Oliver wrote the sequence to their reception in Kutaisi, the city in Western Georgia: “the platform, waiting rooms and the outside of the station were all occupied by a vast crowd of the cream of Kutaisi society appareled in gorgeous raiment: bouquets of the most brilliant hue were presented and great enthusiasm displayed.”
Marjory and her mother stayed in Georgia for two months that permitted her to travel all over the country and besides the urban life to feel and learn rural Georgia. When in Guria, one of the picturesque western regions of the country, Marjory enjoyed and loved the folk and spoke to them in their dialect.
Happy and elated, Marjory returned to England and in 1895, “The Hermit” was published in London with the translator’s preface, where she wrote: “While most English readers are, to some extent, acquainted with the literature of Persia, there are but few who are aware of the existence of Georgian literature. Yet Georgia is well worthy of attention. The Man in the Panther’s Skin, by Rust’haveli, the great epic poet of the 12th century, loses nothing by comparison with Firdausi’s Shah Nameh; but what modern Persian can be placed beside Barat’hashvili or Chavchavadze?
Endowed by nature with exceptional gifts, assimilating alike the culture of the East and West, the Christian kingdom of the Caucasus achieved a high degree of refinement and enlightenment at a very early date; and, despite the fierce blasts of war that have swept ceaselessly over the land, the light of literature has been kept alive.”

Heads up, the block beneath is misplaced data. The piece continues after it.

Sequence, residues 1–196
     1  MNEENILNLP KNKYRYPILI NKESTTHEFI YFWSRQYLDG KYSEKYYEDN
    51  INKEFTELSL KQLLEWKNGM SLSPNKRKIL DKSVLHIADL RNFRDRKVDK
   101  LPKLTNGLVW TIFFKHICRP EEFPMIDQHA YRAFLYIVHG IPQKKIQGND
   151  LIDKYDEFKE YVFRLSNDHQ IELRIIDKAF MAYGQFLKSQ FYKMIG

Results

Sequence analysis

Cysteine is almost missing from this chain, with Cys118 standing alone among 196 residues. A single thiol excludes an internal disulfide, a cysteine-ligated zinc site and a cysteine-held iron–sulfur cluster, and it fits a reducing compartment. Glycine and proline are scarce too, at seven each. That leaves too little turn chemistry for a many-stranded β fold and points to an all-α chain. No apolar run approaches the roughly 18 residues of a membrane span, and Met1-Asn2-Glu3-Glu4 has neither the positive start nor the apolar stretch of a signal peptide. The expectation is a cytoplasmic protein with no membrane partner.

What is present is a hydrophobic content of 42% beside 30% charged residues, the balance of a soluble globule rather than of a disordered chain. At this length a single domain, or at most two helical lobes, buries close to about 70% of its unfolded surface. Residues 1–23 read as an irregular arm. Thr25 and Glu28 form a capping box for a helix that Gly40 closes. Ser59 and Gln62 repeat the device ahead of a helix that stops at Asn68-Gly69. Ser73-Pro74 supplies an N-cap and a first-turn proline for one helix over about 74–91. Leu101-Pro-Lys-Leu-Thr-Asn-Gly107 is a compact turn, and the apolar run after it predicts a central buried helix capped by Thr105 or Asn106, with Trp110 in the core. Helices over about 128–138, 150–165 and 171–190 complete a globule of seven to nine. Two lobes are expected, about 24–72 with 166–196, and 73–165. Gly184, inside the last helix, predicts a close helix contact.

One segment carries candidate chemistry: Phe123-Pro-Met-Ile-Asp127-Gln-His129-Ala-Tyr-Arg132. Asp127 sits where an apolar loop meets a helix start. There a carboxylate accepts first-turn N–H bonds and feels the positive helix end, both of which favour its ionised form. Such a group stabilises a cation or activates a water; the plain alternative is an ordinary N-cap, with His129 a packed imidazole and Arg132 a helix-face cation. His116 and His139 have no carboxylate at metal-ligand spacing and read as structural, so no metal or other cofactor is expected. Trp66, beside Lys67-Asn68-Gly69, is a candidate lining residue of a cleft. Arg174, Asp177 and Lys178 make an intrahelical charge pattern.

The following year, it was Prince Ilia Chavchavadze who invited Marjory and his mother to Georgia. It is said that this time the grateful population greeted them at Tbilisi railway station. Poets recited specially dedicated poems, choirs and bands played and sang in honor of the dear guest. When in Tbilisi Marjory and her mother stayed at the London Hotel in Atonely Street, in the very centre and heart of the city. Tbilisi possessed wonderful buildings, squares, arcades and a newly built imposing Opera House in the pseudo Moorish-style. Marjory would learn that the first Opera House was founded in Tbilisi in 1851. In 1856 Alexandre Dumas attended one of the Opera performances in Tbilisi and described its hall as one of the most beautiful and rich interiors ever seen. Unfortunately, a sudden fire destroyed that building and a new one was built twenty years later.
Tbilisi attracted Marjory not only as a multinational city and an important centre of South Caucasia but also as a town of exotic landscape. Here, colorful streets stretched from lowland to lofty places or mountains and rocks, from where they proudly overlooked the River Mtkvari (Kura). Modern architectural tendencies – Classicism, Neo-Moorish, and Art Nouveau had been already established in the city but buildings with European facades looked absolutely oriental from behind, where ornate loggias with stained glass and overhanging carved wooden balconies, as if made of lace, fitting spiral stairs, looked over gorgeous courtyards or patios. Tbilisi was the place where the West and the East met each other.
Feted by the host, Marjory wholeheartedly enjoyed banquets, receptions, meetings. She kindly reciprocated the cordial welcome by wearing the Georgian national costume on several occasions.
Read Part III.
By Innes Merabishvili*
*Innes Merabishvili is Chair of Translatology with MA and PhD programs at Tbilisi State University